McADAM, N.B. -- The mayor of McAdam, N.B. says village residents are frustrated with what they call a lack of effective policing.

The village of about 1,200 is known for its historic train station and nature trails. But during the last year, residents have noticed an increase in the number of property thefts in the area.

Local business owner Don Doherty says he had a chainsaw stolen from his warehouse.

“The chainsaw that was stolen was not stolen by a customer,” he said. “It was stolen by one of the known local criminals who, again, just get a slap on the wrist. We can’t prove it. And you get very little action from the police.”

And while people are reporting the crimes, Mayor Ken Stannix says residents don't feel those responsible are being held accountable.

“Someone has worked all of their life to own a cottage, to have things in that cottage, and then somebody in the blink of an eye decides that, because they have a drug habit they need to fix, they’ll go in and steal generators or they steal boats, or canoes,” he said in an interview with CTV News.

Stannix wrote to the province’s Department of Public Safety on Tuesday with his concerns.

McAdam has a regional policing contract with the RCMP. According to Stannix, that means officers respond to calls, but don’t often patrol the area.

He says it costs the village almost $270,000 a year – about a quarter of their budget.

“When I talk to the young police officers, the RCMP here in the village, they’re keen. They want to be engaged. They want to catch the criminal effect here,” he said. “But it’s almost like their hands are tied by the system.”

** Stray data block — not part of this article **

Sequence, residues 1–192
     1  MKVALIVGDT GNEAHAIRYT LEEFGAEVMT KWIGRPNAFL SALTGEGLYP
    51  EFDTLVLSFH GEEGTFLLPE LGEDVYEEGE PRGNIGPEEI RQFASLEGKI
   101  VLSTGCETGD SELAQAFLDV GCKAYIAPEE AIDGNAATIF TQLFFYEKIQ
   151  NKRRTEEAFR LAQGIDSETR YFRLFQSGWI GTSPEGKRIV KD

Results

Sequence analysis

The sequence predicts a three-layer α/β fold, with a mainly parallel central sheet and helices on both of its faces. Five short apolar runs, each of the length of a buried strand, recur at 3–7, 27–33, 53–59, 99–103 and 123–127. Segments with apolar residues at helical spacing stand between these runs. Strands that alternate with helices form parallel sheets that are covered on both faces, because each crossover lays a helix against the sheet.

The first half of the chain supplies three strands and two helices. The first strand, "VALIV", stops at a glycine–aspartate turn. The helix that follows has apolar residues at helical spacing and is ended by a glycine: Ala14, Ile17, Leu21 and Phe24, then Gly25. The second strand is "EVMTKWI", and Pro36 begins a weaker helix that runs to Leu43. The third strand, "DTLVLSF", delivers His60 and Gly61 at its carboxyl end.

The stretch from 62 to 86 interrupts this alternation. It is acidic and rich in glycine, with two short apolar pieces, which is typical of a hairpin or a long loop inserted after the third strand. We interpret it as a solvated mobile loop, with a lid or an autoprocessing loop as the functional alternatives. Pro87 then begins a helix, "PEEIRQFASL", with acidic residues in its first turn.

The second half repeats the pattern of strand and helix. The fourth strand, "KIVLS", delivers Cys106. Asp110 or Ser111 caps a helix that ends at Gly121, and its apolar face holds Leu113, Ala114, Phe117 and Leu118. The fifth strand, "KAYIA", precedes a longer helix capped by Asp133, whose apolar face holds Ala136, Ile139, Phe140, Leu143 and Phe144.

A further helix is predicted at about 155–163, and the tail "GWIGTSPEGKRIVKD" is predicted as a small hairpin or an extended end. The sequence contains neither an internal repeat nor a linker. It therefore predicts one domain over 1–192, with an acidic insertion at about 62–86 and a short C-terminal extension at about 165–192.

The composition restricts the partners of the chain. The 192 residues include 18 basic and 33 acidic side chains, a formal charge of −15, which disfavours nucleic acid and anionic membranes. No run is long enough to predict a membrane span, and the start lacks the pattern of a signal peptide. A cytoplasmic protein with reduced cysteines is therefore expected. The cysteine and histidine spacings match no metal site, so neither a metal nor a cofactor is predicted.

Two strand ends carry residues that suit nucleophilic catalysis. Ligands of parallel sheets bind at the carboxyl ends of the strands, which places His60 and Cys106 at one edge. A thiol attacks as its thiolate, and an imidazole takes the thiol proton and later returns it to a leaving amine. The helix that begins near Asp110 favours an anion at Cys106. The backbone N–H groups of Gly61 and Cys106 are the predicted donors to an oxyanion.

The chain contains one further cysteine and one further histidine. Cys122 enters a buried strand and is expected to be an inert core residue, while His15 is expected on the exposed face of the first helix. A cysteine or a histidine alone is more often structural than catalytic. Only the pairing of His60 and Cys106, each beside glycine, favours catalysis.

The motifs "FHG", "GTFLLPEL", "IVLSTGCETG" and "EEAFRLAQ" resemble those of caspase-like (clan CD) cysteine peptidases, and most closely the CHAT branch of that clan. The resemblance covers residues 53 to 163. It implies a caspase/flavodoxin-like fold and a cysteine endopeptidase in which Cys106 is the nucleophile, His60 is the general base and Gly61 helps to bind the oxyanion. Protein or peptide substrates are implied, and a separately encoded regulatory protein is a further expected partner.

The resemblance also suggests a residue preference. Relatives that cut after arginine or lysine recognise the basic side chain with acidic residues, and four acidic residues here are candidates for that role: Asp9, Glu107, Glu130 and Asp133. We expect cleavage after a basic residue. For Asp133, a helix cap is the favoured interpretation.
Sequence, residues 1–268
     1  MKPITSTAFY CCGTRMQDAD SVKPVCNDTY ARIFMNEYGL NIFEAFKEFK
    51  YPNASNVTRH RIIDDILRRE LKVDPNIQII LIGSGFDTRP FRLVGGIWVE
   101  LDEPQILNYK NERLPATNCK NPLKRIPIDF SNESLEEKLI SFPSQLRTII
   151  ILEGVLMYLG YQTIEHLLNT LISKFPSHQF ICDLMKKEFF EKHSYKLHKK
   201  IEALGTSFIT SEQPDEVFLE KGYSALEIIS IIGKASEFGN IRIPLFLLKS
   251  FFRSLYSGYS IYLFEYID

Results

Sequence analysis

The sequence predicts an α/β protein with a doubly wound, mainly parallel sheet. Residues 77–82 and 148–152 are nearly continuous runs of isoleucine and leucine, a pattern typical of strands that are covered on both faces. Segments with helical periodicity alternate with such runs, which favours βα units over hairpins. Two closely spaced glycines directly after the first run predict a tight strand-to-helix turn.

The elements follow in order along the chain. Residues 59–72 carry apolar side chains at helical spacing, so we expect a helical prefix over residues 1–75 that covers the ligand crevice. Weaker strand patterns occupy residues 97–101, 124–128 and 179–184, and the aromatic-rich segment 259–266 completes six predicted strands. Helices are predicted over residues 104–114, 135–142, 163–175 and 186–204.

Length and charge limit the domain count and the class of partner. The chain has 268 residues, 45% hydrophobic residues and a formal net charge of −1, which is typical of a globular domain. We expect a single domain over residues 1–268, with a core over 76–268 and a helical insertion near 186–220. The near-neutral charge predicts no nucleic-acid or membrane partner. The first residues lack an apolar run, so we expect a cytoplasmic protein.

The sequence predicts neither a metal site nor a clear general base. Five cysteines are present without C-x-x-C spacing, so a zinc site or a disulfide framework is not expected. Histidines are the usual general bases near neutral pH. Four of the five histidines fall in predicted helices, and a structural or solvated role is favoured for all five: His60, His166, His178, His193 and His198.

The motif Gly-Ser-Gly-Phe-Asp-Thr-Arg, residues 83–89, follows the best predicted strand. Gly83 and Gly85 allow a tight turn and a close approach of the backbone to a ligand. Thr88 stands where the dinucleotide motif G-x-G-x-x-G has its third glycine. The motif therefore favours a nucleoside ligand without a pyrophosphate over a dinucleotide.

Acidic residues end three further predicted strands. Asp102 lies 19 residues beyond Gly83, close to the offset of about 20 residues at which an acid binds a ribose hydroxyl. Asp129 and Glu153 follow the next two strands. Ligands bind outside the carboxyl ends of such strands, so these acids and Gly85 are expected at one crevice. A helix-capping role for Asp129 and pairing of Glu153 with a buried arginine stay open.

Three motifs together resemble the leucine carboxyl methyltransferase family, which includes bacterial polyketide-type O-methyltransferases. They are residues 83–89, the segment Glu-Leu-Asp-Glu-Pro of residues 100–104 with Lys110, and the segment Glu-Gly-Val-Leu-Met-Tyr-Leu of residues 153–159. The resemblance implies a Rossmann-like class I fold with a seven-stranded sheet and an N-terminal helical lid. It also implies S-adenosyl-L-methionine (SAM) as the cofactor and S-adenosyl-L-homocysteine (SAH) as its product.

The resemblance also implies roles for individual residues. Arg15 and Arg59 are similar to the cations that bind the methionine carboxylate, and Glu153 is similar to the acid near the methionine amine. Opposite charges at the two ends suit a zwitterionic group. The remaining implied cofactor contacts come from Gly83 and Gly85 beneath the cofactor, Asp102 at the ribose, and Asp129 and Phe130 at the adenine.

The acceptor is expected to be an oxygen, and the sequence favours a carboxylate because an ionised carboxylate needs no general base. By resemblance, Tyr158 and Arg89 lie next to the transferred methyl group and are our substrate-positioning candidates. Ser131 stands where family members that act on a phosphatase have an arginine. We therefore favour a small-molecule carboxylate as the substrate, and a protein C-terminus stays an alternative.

The RCMP did send CTV news a statement on the matter.

“We strive to identify repeat offenders who are responsible for the largest amount of crime in our communities. We need citizens to call us when they see something out of the ordinary, suspect criminal activity, or have information about a particular crime or individual,” Cpl. Jullie Rogers-Marsh said.

Stannix said the community has tried a neighbourhood watch group. From 11 p.m. to 6 a.m., people were on the lookout for strange activity.

He said, as a result, residents did call police with information, but they don't feel it helped.

“This idea that they’re not getting enough calls, seems to be their answer as to the reason why people are not getting the service that they feel they're entitled to.”

The Department of Public Safety says it’s reviewing local and provincial policing services to “find ways to improve co-operation and safety."

In an emailed statement, a department spokesperson said the review will determine if services are being distributed evenly across New Brunswick communities.

“It will also examine the level of service, the need for specialized services and the requirements necessary to maintain specialized services. The work is expected to be completed before the end of the year,” the statement read.

The Department also said it’s aware of Stannix’s letter and is reaching out to set up a meeting.

Stannix is hoping for a more extensive review – with a focus on resources, staffing and the law itself.